Thomas Isidore Noel Sankara is an inspirational icon in my life, the life of people of Burkina Faso and the youth through his work of integrity, zealousness and competition. He was born on 21st December 1949 and died on the 15th October 1978 at age 37. Thomas Sankara went through military training and later on became the Prime Minster of Burkina Faso. He became the youngest president in Africa in the year 1983. He changed the name of his country from Upper Volt to Burkina Faso, which means ‘the land of the upright people’ after the victory of being an independent country from France’s colonialism.

Thomas’s character makes him an inspiration in my life because of his ideology of Pan-Africanism. He emphasised the importance of people recognising their mother tongue and speaking it, the importance of embracing our traditions and culture. He was against the practice of tribalism as he promoted equality for all people.

Thomas Sankara’s values included honesty, accountability and transparency, which personally I value the most. As an iconic leader, through his value he was against bribery, nepotism, extortion and any other forms of corruption in the government. He eradicated corruption, decreased government officials’ salaries, including his own, and made them to change their cars from Mercedes to Renault.

As a feminist, Thomas Sankara’s ideology of feminism inspired and provoked me to be an independent woman. During his governance he employed women to government positions. He encouraged them to use their skills to create employment for themselves. He trained women to take part in the military and he advocated for women rights. He was against forced marriages, polygamy and patriarchy. He also valued the fundamentals of education.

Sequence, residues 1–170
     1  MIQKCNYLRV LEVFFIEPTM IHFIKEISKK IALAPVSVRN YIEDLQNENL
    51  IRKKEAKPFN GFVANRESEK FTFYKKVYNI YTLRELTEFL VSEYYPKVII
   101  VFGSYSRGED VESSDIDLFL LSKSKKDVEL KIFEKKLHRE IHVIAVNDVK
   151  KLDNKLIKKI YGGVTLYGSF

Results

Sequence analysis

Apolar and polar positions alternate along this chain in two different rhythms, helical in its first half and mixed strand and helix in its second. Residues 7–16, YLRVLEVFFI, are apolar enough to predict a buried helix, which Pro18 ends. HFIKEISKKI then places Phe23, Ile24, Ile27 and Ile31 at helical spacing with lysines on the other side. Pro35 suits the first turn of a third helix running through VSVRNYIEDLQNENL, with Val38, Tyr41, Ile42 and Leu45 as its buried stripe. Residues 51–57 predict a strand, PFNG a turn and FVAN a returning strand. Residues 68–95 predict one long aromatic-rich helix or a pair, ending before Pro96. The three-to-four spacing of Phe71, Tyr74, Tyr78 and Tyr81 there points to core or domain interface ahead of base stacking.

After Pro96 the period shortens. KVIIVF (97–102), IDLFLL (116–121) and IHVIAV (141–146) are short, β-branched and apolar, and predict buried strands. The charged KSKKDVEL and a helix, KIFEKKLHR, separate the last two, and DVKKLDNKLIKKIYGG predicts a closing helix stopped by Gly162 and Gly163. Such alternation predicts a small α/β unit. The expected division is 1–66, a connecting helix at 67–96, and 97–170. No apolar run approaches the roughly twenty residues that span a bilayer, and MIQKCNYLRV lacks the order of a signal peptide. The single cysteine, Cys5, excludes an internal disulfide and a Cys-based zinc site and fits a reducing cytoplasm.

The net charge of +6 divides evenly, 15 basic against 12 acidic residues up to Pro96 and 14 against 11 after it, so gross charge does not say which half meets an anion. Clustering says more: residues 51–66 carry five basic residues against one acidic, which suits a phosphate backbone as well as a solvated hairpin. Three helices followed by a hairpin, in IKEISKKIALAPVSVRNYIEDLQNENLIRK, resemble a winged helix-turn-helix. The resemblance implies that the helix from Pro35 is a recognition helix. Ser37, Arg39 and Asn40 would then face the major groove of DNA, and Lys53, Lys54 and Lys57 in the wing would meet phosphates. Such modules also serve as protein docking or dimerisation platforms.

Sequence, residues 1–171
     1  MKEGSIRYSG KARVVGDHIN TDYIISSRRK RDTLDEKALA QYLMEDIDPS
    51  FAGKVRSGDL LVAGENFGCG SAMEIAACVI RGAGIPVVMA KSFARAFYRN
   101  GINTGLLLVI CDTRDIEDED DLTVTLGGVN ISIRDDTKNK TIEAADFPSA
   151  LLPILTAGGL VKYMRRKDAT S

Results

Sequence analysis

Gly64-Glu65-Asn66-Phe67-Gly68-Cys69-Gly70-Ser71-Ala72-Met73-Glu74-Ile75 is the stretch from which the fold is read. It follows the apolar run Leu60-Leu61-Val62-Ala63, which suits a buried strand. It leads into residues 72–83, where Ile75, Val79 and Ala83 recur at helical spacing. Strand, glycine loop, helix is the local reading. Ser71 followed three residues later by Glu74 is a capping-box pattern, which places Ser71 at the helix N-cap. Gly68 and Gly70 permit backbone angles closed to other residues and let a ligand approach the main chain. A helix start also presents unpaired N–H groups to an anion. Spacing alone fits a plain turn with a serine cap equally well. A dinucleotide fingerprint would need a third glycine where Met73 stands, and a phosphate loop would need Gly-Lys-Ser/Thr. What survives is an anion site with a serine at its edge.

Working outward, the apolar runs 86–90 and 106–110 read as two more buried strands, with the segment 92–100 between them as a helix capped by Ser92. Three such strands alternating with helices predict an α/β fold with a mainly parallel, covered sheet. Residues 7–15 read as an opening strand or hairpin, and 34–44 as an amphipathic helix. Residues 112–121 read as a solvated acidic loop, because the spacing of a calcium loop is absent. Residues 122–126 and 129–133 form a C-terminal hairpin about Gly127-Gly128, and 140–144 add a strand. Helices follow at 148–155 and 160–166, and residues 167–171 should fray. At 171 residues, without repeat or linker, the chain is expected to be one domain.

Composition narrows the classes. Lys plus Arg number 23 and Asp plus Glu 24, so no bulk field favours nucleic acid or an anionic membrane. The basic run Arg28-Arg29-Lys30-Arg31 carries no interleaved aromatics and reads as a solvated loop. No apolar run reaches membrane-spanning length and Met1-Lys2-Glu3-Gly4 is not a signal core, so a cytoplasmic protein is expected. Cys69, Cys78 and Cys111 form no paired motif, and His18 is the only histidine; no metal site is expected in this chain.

Captain Sankara conducted a national campaign for literacy awareness, emphasising the importance of staying in school. Regarding home circumstances, he built schools using the community as labourers and employed influential teachers.

What makes Mr Sankara iconic and inspirational is he was a foot soldier of change. He led by example and believed in community labour and the power of working together. Thomas Sankara promoted reforestation, planting a maximum of 10 million trees. He promoted agricultural activities such as wheat production and cotton production. He also built railway lines to link communities so they could be able to access work. He was also concerned about the health system of his country, meaning he went against all odds to enhance vaccination methods for infants and children suffering from death causing diseases which are meningitis, yellow fever and measles.

What makes Thomas Sankara an icon is his self-reliance, principles, the ability to be a ripple of influence. He portrayed charismatic personality, took calculate risks, was impatient when it came to his country’s development, was able to take constructive criticism and did not believe in self-praise. He said: “You are all Thomas Sankara,” giving an answer to a reporter who asked why he did not want his portraits to be hanged. Captain Sankara’s leadership skills also included courage, perseverance and selflessness.